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Firefighters prepare to set fire to a tent and its contents Thursday at Camp Casey, South Korea, while members of the Fires Brigade, 2nd Infantry Division look on.
Firefighters prepare to set fire to a tent and its contents Thursday at Camp Casey, South Korea, while members of the Fires Brigade, 2nd Infantry Division look on. (Seth Robson / S&S)
Firefighters prepare to set fire to a tent and its contents Thursday at Camp Casey, South Korea, while members of the Fires Brigade, 2nd Infantry Division look on.
Firefighters prepare to set fire to a tent and its contents Thursday at Camp Casey, South Korea, while members of the Fires Brigade, 2nd Infantry Division look on. (Seth Robson / S&S)
A tent burns as members of the Fires Brigade, 2nd Infantry Division watch during cold weather training.
A tent burns as members of the Fires Brigade, 2nd Infantry Division watch during cold weather training. (Seth Robson / S&S)

CAMP CASEY, South Korea — Ten seconds was all it took for flames to destroy a U.S. Army tent and everything in it.

The tent, pitched on open ground near the air assault tower in the Hovey Cut, was purposely torched by Area I firefighters while hundreds of soldiers from the 2nd Infantry Division’s Fires Brigade looked on last week.

The fiery demonstration was aimed at burning cold-weather safety into the young soldiers’ minds, Fires Brigade safety officer Daniel Orta said.

Winter is just around the corner and soldiers participating in exercises soon will find themselves in the field trying to keep warm in extremely cold conditions. Soldiers in South Korea often sleep in tents heated by diesel-fueled stoves, he said.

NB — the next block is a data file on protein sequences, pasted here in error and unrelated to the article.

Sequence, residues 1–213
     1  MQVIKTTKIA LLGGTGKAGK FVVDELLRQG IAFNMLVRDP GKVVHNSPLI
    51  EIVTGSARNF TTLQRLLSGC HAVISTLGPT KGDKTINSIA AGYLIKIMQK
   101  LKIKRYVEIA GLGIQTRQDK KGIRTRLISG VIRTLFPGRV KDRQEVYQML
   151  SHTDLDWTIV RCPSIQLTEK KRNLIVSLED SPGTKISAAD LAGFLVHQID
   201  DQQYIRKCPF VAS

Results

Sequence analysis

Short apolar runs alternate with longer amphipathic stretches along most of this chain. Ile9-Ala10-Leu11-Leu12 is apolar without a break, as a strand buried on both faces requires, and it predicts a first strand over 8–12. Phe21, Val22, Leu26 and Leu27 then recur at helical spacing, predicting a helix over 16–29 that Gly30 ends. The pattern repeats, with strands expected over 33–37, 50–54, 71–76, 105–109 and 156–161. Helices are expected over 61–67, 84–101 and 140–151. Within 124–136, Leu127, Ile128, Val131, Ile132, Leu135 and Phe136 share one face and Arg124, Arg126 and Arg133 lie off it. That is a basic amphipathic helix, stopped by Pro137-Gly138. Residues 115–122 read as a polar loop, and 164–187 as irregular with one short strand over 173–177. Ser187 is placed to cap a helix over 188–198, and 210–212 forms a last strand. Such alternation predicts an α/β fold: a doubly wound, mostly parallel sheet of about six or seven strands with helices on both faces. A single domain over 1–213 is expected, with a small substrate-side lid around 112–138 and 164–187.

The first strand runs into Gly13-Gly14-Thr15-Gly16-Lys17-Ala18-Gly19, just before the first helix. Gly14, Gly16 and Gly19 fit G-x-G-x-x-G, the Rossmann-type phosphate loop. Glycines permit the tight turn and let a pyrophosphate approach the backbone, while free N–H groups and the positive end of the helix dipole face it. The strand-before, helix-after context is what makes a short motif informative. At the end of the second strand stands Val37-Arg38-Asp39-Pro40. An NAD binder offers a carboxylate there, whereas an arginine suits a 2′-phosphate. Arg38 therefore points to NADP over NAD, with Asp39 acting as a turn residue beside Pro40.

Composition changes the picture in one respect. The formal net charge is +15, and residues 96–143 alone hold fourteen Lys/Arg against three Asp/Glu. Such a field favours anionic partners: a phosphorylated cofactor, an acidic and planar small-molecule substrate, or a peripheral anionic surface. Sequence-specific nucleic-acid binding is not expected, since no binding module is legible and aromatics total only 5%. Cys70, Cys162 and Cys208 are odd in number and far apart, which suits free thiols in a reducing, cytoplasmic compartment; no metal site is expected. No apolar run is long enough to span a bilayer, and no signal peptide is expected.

“We want to stress the importance of having a proper fire watch: people awake all the time to operate fire extinguishers,” he said.

If a tent catches fire, soldiers should leave their gear behind and get out fast, Orta added.

“If you are on fire, drop to the ground and roll,” he said. “Hopefully, somebody will be standing by with a fire extinguisher.”

One of the soldiers watching the demonstration, Sgt. 1st Class Brad Bynum, 43, of 6th Battalion, 37th Field Artillery Regiment, said the stove in his tent caught fire last winter.

“All of a sudden it flashed,” recalled the New Orleans native. “Luckily somebody was right there with a fire extinguisher.

“Once we had put the fire out and dragged it outside we found that the fuel line running from the carburetor into the stove had burned in half. It was leaking. Had somebody not been there right next to it it would have burned town the whole TOC (Tactical Operations Center).”

Fires Brigade assistance operations officer Maj. Curby Scarborough, 34, of Savannah, Ga., said Thursday’s demonstration was aimed at teaching soldiers the right procedures for staying warm in the winter and stopping people from falling asleep on fire watch.

6th Battalion, 37th Field Artillery Regiment operations officer Maj. Charles Mills, 38, of Charleston, S.C., said the catalyst for the training was an incident two years ago when a tent burned down at an Area I range.

“A soldier tried to refill a stove with fuel while it was still running,” Mills said. “The proper procedure was to go outside, wait for the heater to cool down and then refill it. He wanted to do a shortcut and just poured the gas into the heater inside the tent while it was still on.”

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